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Date: 1698

"But when Vice is varnish'd over with Pleasure, and comes in the Shape of Convenience, the case grows somewhat dangerous; for then the Fancy may be gain'd, and the Guards corrupted, and Reason suborn'd against it self."

— Collier, Jeremy (1650–1726)

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Date: 1698

"A well work'd Poem is a powerful piece of Imposture: It masters the Fancy, and hurries it no Body knows whither.--If therefore we would be govern'd by Reason let us stand off from the Temptation, such Pleasures can have no good Meaning."

— Collier, Jeremy (1650–1726)

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Date: 1740, 1742

"I believe it would not be amiss, that he should have a Taste of Poetry, altho' perhaps it were not to be wish'd he had such strong Inclinations that way, as to make that lively and delectable Amusement his predominant Passion."

— Richardson, Samuel (bap. 1689, d. 1761)

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Date: 1740

"Our Passions gone, and Reason in her Throne / Amaz'd, we see the Mischiefs we have done."

— Richardson, Samuel (bap. 1689, d. 1761)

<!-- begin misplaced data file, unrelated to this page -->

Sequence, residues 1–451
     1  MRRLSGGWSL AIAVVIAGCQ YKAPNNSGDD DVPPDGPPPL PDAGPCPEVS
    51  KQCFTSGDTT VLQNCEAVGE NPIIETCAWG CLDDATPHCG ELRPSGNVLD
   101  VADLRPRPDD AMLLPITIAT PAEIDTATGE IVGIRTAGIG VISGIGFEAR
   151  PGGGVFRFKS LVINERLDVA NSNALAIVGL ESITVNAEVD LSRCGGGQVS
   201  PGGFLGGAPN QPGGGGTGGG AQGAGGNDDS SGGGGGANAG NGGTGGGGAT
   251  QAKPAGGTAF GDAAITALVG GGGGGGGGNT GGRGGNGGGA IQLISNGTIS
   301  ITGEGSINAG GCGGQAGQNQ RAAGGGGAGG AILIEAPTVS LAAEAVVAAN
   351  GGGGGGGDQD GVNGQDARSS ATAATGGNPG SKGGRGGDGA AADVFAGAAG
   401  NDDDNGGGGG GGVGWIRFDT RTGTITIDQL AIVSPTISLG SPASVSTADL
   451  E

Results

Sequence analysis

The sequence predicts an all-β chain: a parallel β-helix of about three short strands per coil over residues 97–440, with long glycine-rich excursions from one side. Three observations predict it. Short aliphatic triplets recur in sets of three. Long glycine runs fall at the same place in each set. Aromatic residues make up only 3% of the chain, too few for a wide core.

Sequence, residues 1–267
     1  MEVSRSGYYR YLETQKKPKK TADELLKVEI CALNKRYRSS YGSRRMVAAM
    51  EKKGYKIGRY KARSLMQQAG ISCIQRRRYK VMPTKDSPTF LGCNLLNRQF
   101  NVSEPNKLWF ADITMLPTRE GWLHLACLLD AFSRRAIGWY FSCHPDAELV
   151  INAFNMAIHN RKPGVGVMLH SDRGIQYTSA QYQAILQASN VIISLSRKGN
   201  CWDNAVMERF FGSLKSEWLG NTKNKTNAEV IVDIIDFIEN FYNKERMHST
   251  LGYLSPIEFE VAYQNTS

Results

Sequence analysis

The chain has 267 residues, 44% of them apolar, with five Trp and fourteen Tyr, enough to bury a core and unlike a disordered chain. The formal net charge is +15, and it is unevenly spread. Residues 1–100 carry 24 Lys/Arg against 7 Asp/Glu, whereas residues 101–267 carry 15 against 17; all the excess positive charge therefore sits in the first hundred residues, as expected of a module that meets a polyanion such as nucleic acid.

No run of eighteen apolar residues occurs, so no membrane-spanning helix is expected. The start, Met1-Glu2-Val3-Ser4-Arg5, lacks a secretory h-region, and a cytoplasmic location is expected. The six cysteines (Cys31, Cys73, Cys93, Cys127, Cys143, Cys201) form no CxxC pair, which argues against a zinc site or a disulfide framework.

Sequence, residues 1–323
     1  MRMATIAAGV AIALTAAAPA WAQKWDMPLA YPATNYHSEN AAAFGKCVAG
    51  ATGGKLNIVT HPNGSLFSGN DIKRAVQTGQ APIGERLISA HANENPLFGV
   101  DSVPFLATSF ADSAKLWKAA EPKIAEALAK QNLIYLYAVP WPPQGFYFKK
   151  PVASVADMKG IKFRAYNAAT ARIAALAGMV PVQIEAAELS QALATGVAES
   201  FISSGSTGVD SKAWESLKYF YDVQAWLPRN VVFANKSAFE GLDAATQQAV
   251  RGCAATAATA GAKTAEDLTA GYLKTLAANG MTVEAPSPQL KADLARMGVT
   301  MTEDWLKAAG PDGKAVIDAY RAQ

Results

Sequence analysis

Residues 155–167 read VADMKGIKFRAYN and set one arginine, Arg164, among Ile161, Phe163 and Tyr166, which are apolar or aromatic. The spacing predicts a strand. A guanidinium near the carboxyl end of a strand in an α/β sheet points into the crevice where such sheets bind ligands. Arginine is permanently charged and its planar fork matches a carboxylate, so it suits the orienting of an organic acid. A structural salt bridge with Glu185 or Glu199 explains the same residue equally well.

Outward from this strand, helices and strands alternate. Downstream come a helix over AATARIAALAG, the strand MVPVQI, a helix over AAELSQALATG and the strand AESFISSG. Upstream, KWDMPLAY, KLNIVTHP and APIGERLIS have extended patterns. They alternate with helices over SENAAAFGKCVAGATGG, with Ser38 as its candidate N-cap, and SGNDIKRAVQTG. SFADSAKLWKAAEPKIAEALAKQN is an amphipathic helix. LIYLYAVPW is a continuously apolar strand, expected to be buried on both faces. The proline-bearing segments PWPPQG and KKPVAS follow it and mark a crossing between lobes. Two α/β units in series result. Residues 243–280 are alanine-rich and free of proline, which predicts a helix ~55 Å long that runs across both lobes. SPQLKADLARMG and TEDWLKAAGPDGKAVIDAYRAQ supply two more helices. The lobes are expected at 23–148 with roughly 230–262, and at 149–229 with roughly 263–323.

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Date: 1740, 1742

Mr B. is "a young Gentleman of violent and lawless Passions"

— Richardson, Samuel (bap. 1689, d. 1761)

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Date: 1740

"But if otherwise, he may take Advantage of the Confidence plac'd in him, to the Injury of some worthy Person, and by Degrees monopolize the young Gentleman to himself, and govern his Passions as absolurely, as I have heard some First Ministers have done those of their Prince"

— Richardson, Samuel (bap. 1689, d. 1761)

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Date: 1747-8

"Riches were, are, and always will be, his predominant passion."

— Richardson, Samuel (bap. 1689, d. 1761)

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Date: 1747-8

"My predominant passion is Girl, not Gold; nor value I This, but as it helps me to That, and gives me independence."

— Richardson, Samuel (bap. 1689, d. 1761)

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Date: 1747-8

"But let me touch upon thy predominant passion, Revenge; for Love [What can be the love of a rake?] is but second to that, as I have often told thee, tho' it has set thee into raving at me."

— Richardson, Samuel (bap. 1689, d. 1761)

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Date: 1747-8

"But by the fierceness of mine, as my trembling hands seized hers, I soon made fear her predominant passion."

— Richardson, Samuel (bap. 1689, d. 1761)

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The Mind is a Metaphor is authored by Brad Pasanek, Assistant Professor of English, University of Virginia.